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One of the hardest losses of all is the death of one's child. We often think that it's unnatural, it's out of order,  the parent is supposed to die first. No matter what the age of our child, when a child dies parents experience all of the usual feelings of grief such as anger, guilt, loneliness and sorrow. In addition, especially with younger children, many parents find themselves isolated from others. Their child may have been their social link to the community. Without their child they feel out of place and isolated. 

Particular difficulties can arise for parents that may jeopardize their marriage. Communication breakdown over feelings about their deceased child is possible. This usually develops because each individual parent grieves in his or her own way. It can become difficult to show feelings without angering or distressing the other partner. 

Extra effort needs to be taken at such a time. Working through each individual's grief and their feelings about one another or even about other surviving children are important. Patience with the grieving and with oneself is important, everyone works through their emotions at their own pace and in their own way. Seeking help from grieving parents' groups or from qualified professionals can be most helpful.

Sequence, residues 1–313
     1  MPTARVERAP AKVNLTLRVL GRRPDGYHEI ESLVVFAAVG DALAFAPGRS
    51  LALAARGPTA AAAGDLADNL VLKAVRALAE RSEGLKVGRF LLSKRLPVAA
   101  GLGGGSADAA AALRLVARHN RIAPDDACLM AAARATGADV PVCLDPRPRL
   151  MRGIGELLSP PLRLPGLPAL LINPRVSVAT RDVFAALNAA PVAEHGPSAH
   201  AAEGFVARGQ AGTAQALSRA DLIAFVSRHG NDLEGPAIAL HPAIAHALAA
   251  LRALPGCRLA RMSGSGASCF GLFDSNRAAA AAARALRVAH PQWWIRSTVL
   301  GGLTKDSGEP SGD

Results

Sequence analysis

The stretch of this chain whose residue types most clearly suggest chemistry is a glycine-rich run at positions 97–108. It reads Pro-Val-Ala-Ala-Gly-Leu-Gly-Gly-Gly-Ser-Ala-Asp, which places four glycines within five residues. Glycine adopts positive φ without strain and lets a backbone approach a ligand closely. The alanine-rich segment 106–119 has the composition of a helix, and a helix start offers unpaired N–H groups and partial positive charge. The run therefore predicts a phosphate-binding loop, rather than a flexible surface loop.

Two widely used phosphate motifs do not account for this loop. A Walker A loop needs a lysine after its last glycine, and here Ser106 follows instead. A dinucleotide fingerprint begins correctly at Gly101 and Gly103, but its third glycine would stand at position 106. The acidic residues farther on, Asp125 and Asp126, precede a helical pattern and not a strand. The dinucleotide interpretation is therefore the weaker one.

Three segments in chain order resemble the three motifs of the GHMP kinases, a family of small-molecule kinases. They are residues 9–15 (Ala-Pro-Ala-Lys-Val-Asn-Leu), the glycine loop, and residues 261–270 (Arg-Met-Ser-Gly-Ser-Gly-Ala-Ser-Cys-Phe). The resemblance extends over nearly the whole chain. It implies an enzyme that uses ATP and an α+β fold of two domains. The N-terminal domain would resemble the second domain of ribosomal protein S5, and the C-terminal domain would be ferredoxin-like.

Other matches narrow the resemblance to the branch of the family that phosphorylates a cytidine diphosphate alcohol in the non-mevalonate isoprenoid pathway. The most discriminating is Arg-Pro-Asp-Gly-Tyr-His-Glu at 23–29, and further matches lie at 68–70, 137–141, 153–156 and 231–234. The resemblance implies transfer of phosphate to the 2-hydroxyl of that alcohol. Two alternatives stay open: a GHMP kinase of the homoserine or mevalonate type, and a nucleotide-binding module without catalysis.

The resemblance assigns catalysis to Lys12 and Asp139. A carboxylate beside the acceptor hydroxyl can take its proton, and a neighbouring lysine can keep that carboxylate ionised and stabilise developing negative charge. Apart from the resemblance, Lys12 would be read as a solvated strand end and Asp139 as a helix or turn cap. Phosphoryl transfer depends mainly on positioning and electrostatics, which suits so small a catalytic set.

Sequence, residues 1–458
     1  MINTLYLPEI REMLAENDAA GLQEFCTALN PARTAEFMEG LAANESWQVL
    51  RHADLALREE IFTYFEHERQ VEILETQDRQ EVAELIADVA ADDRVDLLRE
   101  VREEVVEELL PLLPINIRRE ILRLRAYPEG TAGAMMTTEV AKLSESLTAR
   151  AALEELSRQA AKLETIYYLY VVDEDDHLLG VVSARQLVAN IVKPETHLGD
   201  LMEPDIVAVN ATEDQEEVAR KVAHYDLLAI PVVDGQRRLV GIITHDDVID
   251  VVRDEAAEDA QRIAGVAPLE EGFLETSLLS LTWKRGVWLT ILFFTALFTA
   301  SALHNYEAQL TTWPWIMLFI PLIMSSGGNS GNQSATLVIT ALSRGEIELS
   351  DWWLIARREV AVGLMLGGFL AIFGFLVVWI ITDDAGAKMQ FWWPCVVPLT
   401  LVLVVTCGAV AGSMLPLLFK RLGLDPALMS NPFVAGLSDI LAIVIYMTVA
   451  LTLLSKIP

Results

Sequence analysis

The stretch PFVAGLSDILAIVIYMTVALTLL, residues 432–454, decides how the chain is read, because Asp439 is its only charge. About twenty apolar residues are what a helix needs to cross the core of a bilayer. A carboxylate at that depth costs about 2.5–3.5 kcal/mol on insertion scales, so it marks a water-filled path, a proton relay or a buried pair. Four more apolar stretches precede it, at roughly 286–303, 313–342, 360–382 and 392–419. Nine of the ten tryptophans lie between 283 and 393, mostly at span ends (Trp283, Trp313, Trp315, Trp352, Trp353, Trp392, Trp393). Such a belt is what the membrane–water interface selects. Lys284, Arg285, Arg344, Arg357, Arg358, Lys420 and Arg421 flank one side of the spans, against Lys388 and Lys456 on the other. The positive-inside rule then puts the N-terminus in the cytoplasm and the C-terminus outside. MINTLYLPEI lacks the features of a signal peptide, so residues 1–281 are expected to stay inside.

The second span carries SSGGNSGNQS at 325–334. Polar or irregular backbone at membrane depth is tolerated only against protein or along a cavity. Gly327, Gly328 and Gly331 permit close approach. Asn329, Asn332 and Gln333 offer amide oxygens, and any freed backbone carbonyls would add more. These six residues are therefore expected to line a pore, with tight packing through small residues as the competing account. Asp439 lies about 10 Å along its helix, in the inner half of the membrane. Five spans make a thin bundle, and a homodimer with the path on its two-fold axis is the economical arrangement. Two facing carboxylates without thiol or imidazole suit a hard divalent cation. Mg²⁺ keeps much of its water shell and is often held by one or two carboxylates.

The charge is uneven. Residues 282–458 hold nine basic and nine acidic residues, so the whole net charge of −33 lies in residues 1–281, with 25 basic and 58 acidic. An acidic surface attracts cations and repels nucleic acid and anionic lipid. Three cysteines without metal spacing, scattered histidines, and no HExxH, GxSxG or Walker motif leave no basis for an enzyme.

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    As part of my doctoral studies at the University of Wisconsin, Madison, when information on grief, bereavement, death and dying was scarce, some colleagues and I began group work with the bereaved. Out of that work grew interviews with widowers, training with funeral workers, clergy, social workers, hospice and medical personnel. 

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    Copyright 2013, Dr. Donald Steele, Ph.D.
    NOTICE: All content within this blog is provided for general information only, and should not be treated as a substitute for the medical advice of your own doctor or any other health care professional. The author is not responsible or liable for any diagnosis made by a user based on the content of this site. The author is not liable for the contents of any external internet sites listed. Always consult your own GP if you're in any way concerned about your health.